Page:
Friday, August 29, 2008

Neighborly Update

The dark maroon sedan is gone. The big copper-colored truck is back as is the red car. I saw the young Asian-looking woman getting out of the red car as I was picking up my mail yesterday. I haven't seen the young black woman for two weeks or so.

The dog is in their backyard tonight, barking like crazy at 8:30 pm. We have noise ordinances that include barking dogs.

Perhaps I should write a soap opera, based on the neighbors.

Tuesday, August 26, 2008


The copper-colored truck and the red car have been gone for several days now. This morning there was a dark maroon sedan with in-state plates in the driveway.

On second thought, I probably don't want to know what's going on over there.

Got an appointment to get little Nicholas' toenails cut tomorrow; his front nails always grow so long and so fast. The vet and I can't figure it out. Of course, the appointment just happens to be at the same time as the rescheduled Evil Committee meeting. Oh dear me . . .

Friday, August 22, 2008

Flash's Story

I deliberately went to the local bird club's bird fair with only a debit card and maybe $15 in cash. It was maybe four or five years ago. I had two birds: Sugar Franklin and Charli. I wasn't going to let myself become a victim of MBS (multiple bird syndrome).

It was a great day -- lots of beautiful parrots and toys and cages and toys and treats and toys. Baby parrots, breeder parrots, pet parrots.

I stopped by a cage full of baby cockatiels. The birds, the man at the table told me, were from a friend who had died. He raised English budgies and didn't know much about cockatiels.

He pointed out one of the babies and praised the bird for playing with toys and climbing all over the cage. "He's like that all the time," the man said. "My niece feeds him Cheerio's through the cage every day. He likes Cheerios's."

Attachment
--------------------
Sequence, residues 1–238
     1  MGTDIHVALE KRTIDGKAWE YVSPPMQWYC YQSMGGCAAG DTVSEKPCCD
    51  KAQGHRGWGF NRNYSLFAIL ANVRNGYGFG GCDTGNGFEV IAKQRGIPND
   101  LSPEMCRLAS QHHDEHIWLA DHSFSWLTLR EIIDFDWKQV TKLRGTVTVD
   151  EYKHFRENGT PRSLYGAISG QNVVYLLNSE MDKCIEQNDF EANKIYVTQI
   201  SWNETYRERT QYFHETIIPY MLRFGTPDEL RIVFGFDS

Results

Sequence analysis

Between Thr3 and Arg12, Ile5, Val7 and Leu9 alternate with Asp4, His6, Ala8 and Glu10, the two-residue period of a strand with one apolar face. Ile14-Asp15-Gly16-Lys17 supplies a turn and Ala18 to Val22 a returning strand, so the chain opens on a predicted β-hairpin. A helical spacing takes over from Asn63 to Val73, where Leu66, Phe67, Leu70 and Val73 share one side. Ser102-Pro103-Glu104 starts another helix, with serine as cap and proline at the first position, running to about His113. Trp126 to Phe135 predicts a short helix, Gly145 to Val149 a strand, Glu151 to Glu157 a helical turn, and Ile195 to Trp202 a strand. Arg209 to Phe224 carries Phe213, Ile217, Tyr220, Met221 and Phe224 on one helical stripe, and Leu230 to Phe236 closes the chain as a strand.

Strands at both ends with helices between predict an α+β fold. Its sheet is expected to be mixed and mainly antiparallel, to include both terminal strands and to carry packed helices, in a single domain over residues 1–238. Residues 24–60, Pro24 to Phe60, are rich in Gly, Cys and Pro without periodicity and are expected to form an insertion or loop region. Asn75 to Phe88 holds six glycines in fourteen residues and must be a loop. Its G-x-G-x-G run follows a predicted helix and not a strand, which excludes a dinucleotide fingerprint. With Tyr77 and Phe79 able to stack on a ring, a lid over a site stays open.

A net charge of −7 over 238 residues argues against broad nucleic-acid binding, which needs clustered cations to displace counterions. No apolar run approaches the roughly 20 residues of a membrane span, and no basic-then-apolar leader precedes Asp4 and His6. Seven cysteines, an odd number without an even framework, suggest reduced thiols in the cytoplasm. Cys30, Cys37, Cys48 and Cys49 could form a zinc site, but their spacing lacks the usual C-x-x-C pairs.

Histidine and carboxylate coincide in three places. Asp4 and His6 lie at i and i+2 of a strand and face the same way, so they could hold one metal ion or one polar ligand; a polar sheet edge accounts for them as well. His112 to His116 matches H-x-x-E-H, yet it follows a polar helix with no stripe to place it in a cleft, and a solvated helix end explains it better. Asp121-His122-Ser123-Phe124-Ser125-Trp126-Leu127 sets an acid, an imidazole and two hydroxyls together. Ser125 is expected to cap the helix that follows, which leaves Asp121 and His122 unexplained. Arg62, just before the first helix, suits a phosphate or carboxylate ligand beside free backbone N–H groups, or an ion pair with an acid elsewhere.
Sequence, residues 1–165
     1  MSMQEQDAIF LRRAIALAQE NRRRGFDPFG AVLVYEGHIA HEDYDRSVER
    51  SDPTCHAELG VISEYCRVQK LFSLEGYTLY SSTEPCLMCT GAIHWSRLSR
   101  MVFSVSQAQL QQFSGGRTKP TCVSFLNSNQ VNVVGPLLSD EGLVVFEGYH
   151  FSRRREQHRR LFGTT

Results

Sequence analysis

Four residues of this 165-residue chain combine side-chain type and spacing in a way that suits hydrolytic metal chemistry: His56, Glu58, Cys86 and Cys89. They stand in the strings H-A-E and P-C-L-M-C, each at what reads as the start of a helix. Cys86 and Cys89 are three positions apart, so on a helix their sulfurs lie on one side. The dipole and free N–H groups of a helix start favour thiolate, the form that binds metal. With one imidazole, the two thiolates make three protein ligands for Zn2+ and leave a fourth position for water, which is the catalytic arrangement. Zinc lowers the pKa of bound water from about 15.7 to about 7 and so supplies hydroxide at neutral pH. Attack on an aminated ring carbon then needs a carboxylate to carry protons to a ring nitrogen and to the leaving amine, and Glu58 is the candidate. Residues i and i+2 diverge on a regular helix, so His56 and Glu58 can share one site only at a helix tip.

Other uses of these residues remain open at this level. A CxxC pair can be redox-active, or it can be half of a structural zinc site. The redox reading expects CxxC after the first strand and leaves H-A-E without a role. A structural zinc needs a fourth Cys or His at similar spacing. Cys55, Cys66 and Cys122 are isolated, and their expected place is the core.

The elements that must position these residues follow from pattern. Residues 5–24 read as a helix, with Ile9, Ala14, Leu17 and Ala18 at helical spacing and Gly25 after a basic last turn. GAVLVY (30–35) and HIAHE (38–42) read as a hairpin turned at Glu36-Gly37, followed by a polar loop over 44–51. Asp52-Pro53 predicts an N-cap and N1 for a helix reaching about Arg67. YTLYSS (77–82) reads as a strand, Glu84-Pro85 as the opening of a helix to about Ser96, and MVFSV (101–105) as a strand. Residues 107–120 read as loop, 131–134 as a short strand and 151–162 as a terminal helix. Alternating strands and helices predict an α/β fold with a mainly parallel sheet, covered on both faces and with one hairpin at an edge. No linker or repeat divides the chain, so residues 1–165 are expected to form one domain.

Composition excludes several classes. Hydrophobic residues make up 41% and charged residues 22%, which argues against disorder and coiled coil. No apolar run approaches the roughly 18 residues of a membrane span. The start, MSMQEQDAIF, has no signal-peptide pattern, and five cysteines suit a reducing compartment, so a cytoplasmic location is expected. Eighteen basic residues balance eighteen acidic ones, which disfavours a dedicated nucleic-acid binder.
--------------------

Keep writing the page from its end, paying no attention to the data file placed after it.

I listened politely and said I wasn't going to buy any birds, and then I turned away.

"I'm willing to come down on the price," he called.

I lifted my hand in farewell and went on to admire the parrots at the next table.

Later as I walked back by the man and his cockatiels, he stopped me and said he'd sell him to me for only $50. I stood at the cage for a long time and watched the bird interact with his cagemates. He was pretty active, I thought. But I summoned up all my strength and again said no, I already had all the birds I could handle.

I walked away, feeling very good about myself. I went outside to get some fresh air and thought about the little cockatiel the man was willing to sell for only $50.

A little later I went back inside to pick up some more toys, and I had to pass the man and his cockatiels.

"Here he is!" the man said. "Just $50." I shook my head. I glanced at the cage. He really was a cute cockatiel.

I went on and the man followed me. "I really need to sell these cockatiels and I won't take him home with me." I couldn't imagine what he would do if he didn't sell the bird.

"I only have $5 on me," I said. "Sorry."

"I'll take it," he exclaimed. "I'll give you my card and you can just mail me the rest."

Before I could say no again, I was holding a ragged box with the baby cockatiel in it.

I had an extra cage at home, so I got things set up quickly and turned the bird loose in it. I placed the cage in my study for quarantine, then called Dr. Z for a baby bird check. He was about 6 months old.

He was such a sweet baby bird -- hungry for scritches and curious. He had, I saw for the first time, a crooked beak. But he didn't seem to have trouble eating.

I watched him for a few days before naming him. At one point he was out of the cage and flew over to the table with the play stand. It happened in a flash, so that's what I named him.

Dr. Z gave me the bad news -- Flash tested positive for pssiticosis (I know I'm spelling that wrong) and he would have to receive treatment. Because all my birds shared the same air system the other two would have to be treated, too.

I called the man to tell him that his entire flock was probably infected, but he said his birds were healthy, nothing wrong with them. I explained that pssiticosis could be passed to humans, but he was "sure" his birds were fine. He hung up on me.